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Aviation – AirAsia

AirAsia

AirAsia

AirAsia’s low-cost high-efficiency approach to sustainability

 

Tony Fernandes

Tony Fernandes, Group Chief Executive Officer, AirAsia

When AirAsia was established 15 years ago, we made a pledge to give everyone the opportunity to fly. Since then AirAsia has flown more than 330 million passengers to over 120 destinations in 26 countries and territories.

Our fleet of 177 aircraft flies 221 routes and operates from 20 hubs in Malaysia, Thailand, Indonesia, the Philippines and India. Today we are the largest airline – legacy or otherwise – among the Association of Southeast Asian Nations (ASEAN), recording a turnover of US$3bn in 2016.

Key to this growth has been a focus on keeping costs low. Our lean business model requires every part of the business to be efficient and as simple as possible, while ensuring safety is never compromised. We strive to incorporate best industry practices in all our systems and processes. And we instil among every one of our Allstars a culture of raising productivity with minimum wasted effort or expense. Among other things

  • – We keep our aircraft flying as much as possible, while minimising time on the ground. Utilisation of each aircraft is currently more than 13 hours per day on average. And we aim to turn around each aircraft between sectors within 25 minutes.
  • – We streamline our operations, making processes as simple as possible. We operate a single type of aircraft, which means training for pilots, cabin crew, engineers and operations personnel can be standardised; our aircraft carry single-class seating; and we use standard operating procedures aligned with industry best practices across the Group as a means of achieving consistency of service and safety.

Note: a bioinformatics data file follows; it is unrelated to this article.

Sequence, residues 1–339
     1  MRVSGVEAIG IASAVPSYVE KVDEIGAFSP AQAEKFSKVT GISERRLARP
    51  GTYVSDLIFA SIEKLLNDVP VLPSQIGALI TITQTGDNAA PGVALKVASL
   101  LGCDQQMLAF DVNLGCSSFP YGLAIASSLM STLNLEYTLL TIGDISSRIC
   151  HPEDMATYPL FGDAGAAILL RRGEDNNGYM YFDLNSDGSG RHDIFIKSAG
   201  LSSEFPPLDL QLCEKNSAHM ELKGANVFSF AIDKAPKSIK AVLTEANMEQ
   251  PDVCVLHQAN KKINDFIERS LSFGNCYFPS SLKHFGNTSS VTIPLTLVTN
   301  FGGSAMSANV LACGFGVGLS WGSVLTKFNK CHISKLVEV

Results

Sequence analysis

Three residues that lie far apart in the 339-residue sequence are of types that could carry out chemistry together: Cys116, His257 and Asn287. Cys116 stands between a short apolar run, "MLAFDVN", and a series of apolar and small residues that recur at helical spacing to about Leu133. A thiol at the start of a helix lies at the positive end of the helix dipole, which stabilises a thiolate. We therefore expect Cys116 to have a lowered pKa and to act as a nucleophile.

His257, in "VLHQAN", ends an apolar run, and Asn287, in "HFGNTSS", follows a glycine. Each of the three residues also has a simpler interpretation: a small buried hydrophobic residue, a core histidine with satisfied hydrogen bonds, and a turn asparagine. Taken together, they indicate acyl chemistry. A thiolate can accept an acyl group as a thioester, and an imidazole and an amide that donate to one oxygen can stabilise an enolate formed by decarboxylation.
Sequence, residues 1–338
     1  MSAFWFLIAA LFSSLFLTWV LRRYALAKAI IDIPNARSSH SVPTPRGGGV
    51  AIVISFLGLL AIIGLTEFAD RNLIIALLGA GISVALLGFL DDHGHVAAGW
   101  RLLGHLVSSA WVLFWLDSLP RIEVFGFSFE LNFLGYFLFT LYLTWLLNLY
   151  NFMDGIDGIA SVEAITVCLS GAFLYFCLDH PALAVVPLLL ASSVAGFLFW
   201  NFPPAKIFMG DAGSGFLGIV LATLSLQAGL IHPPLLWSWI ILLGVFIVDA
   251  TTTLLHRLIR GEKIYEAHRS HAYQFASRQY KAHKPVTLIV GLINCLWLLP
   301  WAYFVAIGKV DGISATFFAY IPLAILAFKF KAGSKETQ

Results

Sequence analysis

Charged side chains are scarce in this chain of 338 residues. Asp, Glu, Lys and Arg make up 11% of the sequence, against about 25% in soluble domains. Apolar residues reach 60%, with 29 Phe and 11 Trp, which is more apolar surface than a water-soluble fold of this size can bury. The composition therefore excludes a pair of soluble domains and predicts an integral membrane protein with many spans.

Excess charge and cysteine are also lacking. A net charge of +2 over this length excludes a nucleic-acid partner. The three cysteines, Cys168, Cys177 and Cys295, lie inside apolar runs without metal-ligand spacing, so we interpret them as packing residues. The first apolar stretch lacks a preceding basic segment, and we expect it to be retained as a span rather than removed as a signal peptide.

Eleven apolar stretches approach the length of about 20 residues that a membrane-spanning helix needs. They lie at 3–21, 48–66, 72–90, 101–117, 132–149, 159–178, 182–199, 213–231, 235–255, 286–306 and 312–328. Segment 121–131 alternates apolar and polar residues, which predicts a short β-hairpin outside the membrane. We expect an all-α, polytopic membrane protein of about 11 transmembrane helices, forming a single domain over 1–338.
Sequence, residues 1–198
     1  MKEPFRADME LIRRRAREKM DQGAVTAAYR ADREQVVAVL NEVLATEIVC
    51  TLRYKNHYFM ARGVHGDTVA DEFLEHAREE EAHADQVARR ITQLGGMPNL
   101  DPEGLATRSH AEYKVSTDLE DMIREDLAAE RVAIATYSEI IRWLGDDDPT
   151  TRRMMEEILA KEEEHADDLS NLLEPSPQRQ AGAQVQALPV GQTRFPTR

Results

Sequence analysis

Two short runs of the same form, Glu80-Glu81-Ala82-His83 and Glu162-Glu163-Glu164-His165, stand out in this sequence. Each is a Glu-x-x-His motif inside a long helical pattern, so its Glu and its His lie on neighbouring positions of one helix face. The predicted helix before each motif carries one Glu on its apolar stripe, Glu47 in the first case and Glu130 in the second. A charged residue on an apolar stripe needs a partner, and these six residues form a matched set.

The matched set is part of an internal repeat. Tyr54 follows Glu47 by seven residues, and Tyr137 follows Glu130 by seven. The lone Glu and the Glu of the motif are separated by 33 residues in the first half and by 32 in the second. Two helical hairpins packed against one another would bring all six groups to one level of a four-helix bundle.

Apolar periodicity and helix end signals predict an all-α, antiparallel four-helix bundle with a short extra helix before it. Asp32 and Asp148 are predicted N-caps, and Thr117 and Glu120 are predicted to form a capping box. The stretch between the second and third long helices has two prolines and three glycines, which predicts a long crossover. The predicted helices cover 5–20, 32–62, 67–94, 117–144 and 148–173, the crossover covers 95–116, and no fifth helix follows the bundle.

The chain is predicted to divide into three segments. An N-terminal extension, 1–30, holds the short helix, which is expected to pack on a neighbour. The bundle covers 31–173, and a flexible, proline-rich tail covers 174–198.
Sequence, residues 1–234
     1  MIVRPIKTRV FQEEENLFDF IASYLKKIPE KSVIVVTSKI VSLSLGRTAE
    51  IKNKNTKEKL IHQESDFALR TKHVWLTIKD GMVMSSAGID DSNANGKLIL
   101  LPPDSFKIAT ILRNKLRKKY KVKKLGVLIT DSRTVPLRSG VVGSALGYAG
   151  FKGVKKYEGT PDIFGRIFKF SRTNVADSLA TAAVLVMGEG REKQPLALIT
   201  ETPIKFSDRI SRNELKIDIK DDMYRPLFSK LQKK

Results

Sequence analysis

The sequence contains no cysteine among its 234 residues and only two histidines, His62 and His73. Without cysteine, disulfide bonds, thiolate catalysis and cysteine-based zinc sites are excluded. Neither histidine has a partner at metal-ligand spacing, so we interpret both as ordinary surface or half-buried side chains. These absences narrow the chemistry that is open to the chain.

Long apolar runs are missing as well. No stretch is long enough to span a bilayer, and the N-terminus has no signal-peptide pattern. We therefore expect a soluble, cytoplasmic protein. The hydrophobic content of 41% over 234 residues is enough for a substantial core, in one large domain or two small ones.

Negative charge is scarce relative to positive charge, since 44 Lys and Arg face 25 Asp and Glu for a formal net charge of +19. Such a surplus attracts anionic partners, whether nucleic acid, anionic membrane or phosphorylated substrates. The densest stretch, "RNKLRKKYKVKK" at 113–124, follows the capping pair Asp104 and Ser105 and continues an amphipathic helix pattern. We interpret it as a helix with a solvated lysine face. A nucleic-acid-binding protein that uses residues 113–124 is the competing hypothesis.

This has allowed us to provide air services in a way that is responsible, cost-efficient and safe. For instance, we continually revisit our systems and processes – especially in the area of flight operations – to find new and better ways to reduce costs, which are in themselves positive for the environment. Many of these relate to fuel efficiency. Fuel makes up about 40 per cent of our total cost. By minimising our use of fuel we maintain lean operations while making sure that low fares do not translate into high environmental costs. And while we have been conscious of this from day one, we continually look for new and better ways to achieve this goal. The key to our success is small improvements per flight that result in large annual savings.

Our efforts start with the type of fuel itself. We use grade A1 jet fuel, the highest grade of kerosene, which produces less CO2 emission than gasoline. Our next focus is on the aircraft fleet itself. Our young fleet consists of Airbus A320 aircraft for short-haul flights and A330s for long-haul routes, all of which are fully-compliant with emission standards set by the International Civil Aviation Organisation, a global standard-setter for the industry. The average age of the fleet is only six years.

“The key concept to our success is that small savings per flight result in large annual savings”

 
In 2012, we became the first airline to take delivery of A320s that feature Sharklets, winglets which can lower an aircraft’s fuel burn (and therefore emissions) by lowering air resistance, or drag (see figure 1). With these aircraft, we save up to 4 per cent of fuel or 464kg of CO2 on every flight. AirAsia was also one of the first airlines in the world to fly the Airbus A320neo aircraft with engines by CFM, an engine-maker partly-owned by GE. These state-of-the-art engines further reduce our fuel burn by 16-20 per cent, enabling us to save up to 666 litres of fuel per flight.